Redefining Theology

So "theology" means thinking about God, about a God who reveals himself in history. To believe God's revelation is to comprehend and embrace the import of what he reveals to us. In other words, it is to comprehend and embrace the meaning of history. There is nothing paradoxical about Jesus' statement that good done to the poor is good done to him. It is a simple truth. The person who sees a free Other in the poor and liberates the slave from Egypt is the person who truly loves God, for the slave in Egypt is the very epiphany of God himself. If a person opens up to the slave in Egypt, he opens up to God; if he shuts out the slave in Egypt, he shuts out God. The person who does not commit himself to the liberation of the slaves in Egypt is an atheist. He is Cain killing Abel. Once Abel was dead, Cain was alone. He now believed himself to be the only One, the Eternal. He presented himself as a pantheistic god. That was the temptation posed to Adam in the garden: "You will be like gods." To be like God is to pretend to be the one and only being; to refuse to open up to the Other, who has been murdered.

God, however, keeps on revealing himself to us as the Other who summons us. He is the first Other. If I do not listen to my fellow man in bondage, then I am not listening to God either. If I do not commit myself to the liberation of my fellow man, then I am an atheist. Not only do I not love God, I am actually fighting against God because I am affirming my own divinity.

Theology, then, is a logos which ponders God revealing himself in history.

What about pastoral theology? "Pastoral" comes from the word "pastor," which means shepherd. However, it does not refer to the shepherd or herdsman nicely established in the desert with his family and flock. It refers to the poor and lowly shepherd who must confront the pharaoh in order to free his people, without even knowing exactly what to say or how to say it. Once this goal is achieved, it is the pastor who must pass over and through the desert. This passover (pesah in Hebrew) occurs in a second desert. It is not the desert of the comfortably settled shepherd. It is the desert through which Moses guides his people in the process of liberation. Once again it is a process of historical discernment. Which way do we go? What is the meaning and purpose of the whole process? Only the person who has faith can find out, for only such a person knows how to open up to God's revelatory word and to discover its concrete import.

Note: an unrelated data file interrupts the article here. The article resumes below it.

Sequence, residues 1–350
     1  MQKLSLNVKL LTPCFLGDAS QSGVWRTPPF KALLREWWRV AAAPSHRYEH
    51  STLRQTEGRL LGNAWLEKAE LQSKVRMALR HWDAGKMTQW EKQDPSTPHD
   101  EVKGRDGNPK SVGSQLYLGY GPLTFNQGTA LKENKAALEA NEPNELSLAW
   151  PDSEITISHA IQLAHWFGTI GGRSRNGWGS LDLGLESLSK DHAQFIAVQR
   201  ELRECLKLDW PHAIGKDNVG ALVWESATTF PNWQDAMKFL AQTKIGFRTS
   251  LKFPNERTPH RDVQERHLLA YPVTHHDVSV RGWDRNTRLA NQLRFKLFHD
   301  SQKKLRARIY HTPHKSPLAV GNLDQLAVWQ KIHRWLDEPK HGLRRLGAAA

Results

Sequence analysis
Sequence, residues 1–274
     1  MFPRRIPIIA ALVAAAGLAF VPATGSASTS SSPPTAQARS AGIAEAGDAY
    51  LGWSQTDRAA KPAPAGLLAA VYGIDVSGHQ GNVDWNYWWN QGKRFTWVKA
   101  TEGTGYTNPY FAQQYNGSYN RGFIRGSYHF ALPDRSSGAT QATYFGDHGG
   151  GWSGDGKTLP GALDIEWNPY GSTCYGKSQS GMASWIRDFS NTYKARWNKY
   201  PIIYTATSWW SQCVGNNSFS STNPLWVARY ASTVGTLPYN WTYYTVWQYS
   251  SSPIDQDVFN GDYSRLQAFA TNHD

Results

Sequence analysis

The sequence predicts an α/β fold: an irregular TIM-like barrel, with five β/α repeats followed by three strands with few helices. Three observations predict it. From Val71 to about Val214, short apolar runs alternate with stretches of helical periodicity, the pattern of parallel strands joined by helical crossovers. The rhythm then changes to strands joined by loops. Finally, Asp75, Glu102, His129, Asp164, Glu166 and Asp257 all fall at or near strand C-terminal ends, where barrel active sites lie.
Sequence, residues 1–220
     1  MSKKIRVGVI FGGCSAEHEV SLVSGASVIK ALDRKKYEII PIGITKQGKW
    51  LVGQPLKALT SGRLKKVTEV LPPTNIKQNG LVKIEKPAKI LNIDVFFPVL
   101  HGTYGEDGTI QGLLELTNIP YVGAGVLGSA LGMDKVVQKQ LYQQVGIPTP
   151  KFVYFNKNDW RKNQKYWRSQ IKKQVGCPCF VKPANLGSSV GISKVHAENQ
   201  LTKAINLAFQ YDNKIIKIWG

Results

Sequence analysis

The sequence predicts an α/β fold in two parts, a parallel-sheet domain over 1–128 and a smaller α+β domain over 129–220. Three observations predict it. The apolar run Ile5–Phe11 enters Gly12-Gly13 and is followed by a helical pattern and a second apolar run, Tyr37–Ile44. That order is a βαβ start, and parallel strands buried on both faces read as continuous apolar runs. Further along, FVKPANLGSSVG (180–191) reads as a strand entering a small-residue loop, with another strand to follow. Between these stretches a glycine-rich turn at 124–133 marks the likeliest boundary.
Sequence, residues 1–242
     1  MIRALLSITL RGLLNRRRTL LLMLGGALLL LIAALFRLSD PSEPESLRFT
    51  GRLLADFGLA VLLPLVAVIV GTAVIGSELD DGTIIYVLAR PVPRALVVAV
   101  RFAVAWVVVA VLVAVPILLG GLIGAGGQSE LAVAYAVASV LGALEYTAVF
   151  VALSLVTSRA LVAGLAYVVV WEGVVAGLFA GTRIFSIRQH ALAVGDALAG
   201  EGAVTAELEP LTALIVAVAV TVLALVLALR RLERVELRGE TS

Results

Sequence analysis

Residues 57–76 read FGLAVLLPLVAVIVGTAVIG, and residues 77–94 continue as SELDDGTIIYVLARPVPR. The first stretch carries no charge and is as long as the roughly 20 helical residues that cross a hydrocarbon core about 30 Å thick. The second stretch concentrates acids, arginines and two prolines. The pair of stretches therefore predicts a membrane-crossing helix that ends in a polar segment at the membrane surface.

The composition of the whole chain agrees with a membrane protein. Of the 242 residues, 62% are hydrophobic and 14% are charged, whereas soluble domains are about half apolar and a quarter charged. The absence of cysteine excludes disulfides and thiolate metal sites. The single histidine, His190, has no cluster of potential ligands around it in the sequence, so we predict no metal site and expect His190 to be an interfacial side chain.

Hence pastoral theology is a way of pondering the journey of God's people as they seek liberation in the desert. And this journey towards liberation is a passover, a passover from bondage to total liberation. The Hebrew word alludes to the ongoing paschal resurrection. Pastoral activity is paschal; it is our passage through the desert that leads to liberation.

Passolini has a curious film entitled Teorema. He uses an unexpected motif-sexuality-to deal with the same theme we are discussing here. At the heart of this film is a human being, naked at the end, who is running through the desert towards God. That is precisely the thesis of Kierkegaard: We are naked creatures in the desert, running towards God; we are poor, wretched creatures without anything, who must open up to God. In a sense, we are dealing with the passage of humanity through the desert of liberation history.

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